On the 12th day of the latest U.S. government shutdown, the Redlands Symphony Orchestra gave us not 12 drummers drumming — though there were two or three in the percussion section — or even 12 House members hammering out a budget deal, but a concert called “A Better World” to open the 2013-14 season.
The Saturday night concert in the University of Redlands Memorial Chapel featured two pieces from the 1930s, when the storm clouds of World War II were rolling in. That era was not the better world that seemed to be slipping out of reach in the 1930s, but both pieces of music connect with the fight for a better world.
Those pieces were William Walton’s “Crown Imperial,” written in 1937 for the coronation of Britain’s King George VI; and German composer Paul Hindemith’s “Mathis der Maler: Symphony,” music written in 1934 and soon banned by the Nazis.
George VI, who suffered from a stammer (remember “The King’s Speech”?), unexpectedly became king when his older brother Edward VIII abdicated. Not long after his 1937 coronation, he became a symbol of strength for Britain during World War II.
Hindemith’s “Mathis der Maler” (“Matthias the Painter”) symphony is excerpts from his opera of the same name. The opera tells the story of artist Matthias Gruenewald in the context of the 16th-century German Peasants’ War against their government. It was Hindemith’s way of protesting the Nazi ideology taking over his country in 1933, according to the Redlands Symphony’s program notes, and the opera’s book-burning scene mirrored Nazi book burnings.
The symphonic version had one performance in Berlin in 1934 before the Nazis banned it, according to the program notes.
Hindemith left Germany later in the 1930s, living in Switzerland until he came to the United States in 1940. He became a U.S. citizen after World War II, but later returned to Switzerland.
We could debate whether today’s world is getting better or worse, but I’d say the European world was better in the 1950s than it would have been if the Nazis had won World War II.
Coming back to the Redlands Symphony in 2013 — the “Better World” concert was rounded out with Brahms’ Violin Concerto in D major. For me, a concert that includes any music by Brahms is making the world a better place.
Brahms’ violin concerto, written in 1878, is very familiar, but there’s so much meat in it that you don’t get tired of it.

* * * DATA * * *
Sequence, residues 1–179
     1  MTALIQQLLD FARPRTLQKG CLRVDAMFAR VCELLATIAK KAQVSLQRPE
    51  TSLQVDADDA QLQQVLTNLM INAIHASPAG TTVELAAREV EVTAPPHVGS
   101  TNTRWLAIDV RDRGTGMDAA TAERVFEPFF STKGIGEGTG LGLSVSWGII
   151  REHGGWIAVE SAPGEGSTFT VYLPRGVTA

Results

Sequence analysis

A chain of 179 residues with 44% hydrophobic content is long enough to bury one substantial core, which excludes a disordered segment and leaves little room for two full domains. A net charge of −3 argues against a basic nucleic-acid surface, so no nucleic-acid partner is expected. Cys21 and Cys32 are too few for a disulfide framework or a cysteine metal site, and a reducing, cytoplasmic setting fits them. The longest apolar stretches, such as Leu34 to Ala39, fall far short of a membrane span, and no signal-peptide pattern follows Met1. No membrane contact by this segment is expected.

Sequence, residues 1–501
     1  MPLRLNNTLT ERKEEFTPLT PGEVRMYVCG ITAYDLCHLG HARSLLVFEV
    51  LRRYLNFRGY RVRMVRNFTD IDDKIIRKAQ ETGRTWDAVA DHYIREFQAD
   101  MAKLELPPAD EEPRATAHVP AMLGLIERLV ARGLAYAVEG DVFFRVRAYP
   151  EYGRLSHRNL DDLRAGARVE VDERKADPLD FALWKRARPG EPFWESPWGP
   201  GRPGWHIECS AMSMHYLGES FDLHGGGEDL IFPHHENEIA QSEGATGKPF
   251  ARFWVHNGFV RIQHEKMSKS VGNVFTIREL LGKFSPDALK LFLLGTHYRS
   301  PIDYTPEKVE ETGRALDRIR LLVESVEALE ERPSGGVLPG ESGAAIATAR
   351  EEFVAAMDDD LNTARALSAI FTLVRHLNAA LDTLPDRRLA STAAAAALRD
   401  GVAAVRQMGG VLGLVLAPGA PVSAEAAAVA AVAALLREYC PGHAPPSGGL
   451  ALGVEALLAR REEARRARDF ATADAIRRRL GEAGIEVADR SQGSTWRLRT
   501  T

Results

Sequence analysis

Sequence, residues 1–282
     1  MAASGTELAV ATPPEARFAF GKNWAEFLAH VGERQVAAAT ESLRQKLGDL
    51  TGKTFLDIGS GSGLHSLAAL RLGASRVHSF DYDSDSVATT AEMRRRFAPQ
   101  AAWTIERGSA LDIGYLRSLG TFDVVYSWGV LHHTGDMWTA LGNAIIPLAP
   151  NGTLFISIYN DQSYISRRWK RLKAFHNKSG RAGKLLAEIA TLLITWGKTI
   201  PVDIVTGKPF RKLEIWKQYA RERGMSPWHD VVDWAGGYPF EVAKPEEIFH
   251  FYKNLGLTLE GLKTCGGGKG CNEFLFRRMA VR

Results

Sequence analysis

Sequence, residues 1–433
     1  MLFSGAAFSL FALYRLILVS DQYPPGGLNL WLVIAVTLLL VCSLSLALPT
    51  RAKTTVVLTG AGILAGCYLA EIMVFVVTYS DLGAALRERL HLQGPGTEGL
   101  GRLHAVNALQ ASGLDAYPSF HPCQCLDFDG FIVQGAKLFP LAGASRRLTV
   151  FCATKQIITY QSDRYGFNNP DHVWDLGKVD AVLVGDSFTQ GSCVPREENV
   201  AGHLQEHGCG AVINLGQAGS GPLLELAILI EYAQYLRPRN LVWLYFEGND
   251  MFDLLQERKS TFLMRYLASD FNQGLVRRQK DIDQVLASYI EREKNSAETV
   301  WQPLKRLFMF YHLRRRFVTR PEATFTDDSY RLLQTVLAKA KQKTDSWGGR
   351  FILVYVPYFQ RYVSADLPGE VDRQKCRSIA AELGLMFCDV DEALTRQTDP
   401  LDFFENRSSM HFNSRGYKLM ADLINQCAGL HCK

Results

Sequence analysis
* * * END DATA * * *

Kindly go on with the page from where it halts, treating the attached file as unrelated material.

Saturday night’s soloist was Svetlana Kosakovskaya, a violinist from Russia who graduated from the N.A. Rimsky-Korsakov St. Petersburg State Conservatory and has earned a master’s degree and performance certificates in the United States.
Kosakovskaya’s rich tone and fluid, musical playing made Memorial Chapel a better place to be Saturday night, and the orchestra played up a Brahmsian storm to match.
Music by Brahms is always harder than it sounds. It doesn’t wave its intricacies in the listener’s face like a red flag. Rather, if the performers conquer the difficulties, they make music that fills the soul.
Kosakovskaya and the Redlands Symphony served a full glass of Brahms.
Memorial Chapel, though, was not quite as full as it is for many Redlands Symphony concerts.
I don’t know if there were too many things going on in Redlands over the weekend or if some people were scared off by the prospect of music by Hindemith, a composer whose music doesn’t show up on symphony programs as anywhere near as often as that of Mozart, Beethoven, Schubert, Brahms, Tchaikovsky, Rachmaninoff, Debussy ... and the list could go on for several paragraphs.
But “Mathis der Maler” is nothing to shy away from, even though Hindemith’s music isn’t something you’d find yourself humming.
The music, depicting scenes from Matthias Gruenewald’s Isenheim Altarpiece, ranges from furiously dramatic to quietly sorrowful, and all of it is full of beautiful orchestral colors.
And it’s a moving experience. You can hear war, tragedy and sorrow in “Mathis,” but also a touch of hope of that better world around the corner.
At least that’s what I heard in the Redlands Symphony’s performance. And much as I love Brahms — and as compelling as Kosakovskaya’s performance was — I’d have to say “Mathis der Maler” was my favorite on Saturday’s concert.
But I also enjoyed the opening of the concert, William Walton’s “Crown Imperial.” Anyone who’s seen photographs of George VI’s 1937 coronation can picture that ceremony while hearing the music. Or you might picture a much more recent ceremony, the wedding of Prince William and Kate Middleton.
Or you can simply sit back and enjoy a majestic and melodic piece of music, one of many that does its bit to make the world a better place.
Music may not prevent wars or win them and it can’t make Congress vote on a budget, but think of all the things music can do for you and then imagine a world without music — any kind of music. I don’t think any of us would want to live there.
The Redlands Symphony Orchestra’s next musical offering is an all-Mozart concert on Nov. 23. For information, visit redlandssymphony.com or call 909-748-8018.
Betty Tyler has a master’s degree in music and has taught piano in Redlands.